Phenylpropanolamine and other over-the-counter vasoactive compounds.
Phenylpropanolamine is a sympathomimetic amine that shares structural similarities with amphetamine and ephedrine. It increases blood pressure primarily by increasing peripheral vascular resistance. This effect is the result of alpha-adrenergic agonist activity largely from both direct stimulation of adrenergic receptors and release of neuronal norepinephrine. As such, it has the potential to interact with other drugs to produce toxic reactions, especially in treated hypertensive patients. Complications have occurred with single oral doses that suggest some normal subjects may be more sensitive to the drug than others. The incidence of serious complications in the general population is small but could be much higher in susceptible individuals (e.g., cardiomyopathic and hypertensive patients). The availability of high-dose phenylpropanolamine-containing preparations without medical supervision is potentially dangerous, and certain restrictions should be imposed on such preparations.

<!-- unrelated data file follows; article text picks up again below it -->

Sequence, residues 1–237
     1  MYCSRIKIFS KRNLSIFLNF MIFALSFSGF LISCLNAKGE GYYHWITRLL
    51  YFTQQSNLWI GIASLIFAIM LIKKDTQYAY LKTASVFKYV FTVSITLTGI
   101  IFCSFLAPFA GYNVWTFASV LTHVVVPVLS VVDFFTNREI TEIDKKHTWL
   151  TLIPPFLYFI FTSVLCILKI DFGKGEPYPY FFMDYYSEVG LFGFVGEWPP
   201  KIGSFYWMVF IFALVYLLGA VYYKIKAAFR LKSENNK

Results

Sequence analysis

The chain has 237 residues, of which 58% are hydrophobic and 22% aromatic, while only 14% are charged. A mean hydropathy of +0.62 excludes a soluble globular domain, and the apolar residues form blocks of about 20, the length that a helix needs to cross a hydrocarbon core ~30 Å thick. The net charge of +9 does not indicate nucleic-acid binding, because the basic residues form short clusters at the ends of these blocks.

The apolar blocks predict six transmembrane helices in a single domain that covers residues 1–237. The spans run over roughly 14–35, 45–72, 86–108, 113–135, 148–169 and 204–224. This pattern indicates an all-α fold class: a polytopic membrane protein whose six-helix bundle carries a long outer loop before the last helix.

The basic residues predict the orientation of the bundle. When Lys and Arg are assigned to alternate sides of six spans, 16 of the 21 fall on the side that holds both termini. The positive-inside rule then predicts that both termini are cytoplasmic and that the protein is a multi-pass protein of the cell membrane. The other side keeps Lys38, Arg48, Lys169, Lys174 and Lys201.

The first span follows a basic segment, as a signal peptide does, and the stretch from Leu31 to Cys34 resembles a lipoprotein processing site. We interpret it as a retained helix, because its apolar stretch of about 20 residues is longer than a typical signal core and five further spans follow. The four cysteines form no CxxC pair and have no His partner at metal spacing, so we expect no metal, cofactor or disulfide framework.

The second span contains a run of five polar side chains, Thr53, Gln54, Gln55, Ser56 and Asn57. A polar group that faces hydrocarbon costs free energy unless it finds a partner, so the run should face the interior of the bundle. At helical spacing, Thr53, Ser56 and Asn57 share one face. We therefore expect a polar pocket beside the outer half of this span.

- Copyright © 1988 by American Heart Association